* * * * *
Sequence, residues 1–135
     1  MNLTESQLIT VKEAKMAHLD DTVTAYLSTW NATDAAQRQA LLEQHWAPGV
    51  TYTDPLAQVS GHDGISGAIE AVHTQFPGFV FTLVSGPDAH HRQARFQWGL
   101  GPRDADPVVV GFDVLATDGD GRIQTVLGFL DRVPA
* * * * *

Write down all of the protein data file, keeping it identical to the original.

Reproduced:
Sequence, residues 1–135
     1  MNLTESQLIT VKEAKMAHLD DTVTAYLSTW NATDAAQRQA LLEQHWAPGV
    51  TYTDPLAQVS GHDGISGAIE AVHTQFPGFV FTLVSGPDAH HRQARFQWGL
   101  GPRDADPVVV GFDVLATDGD GRIQTVLGFL DRVPA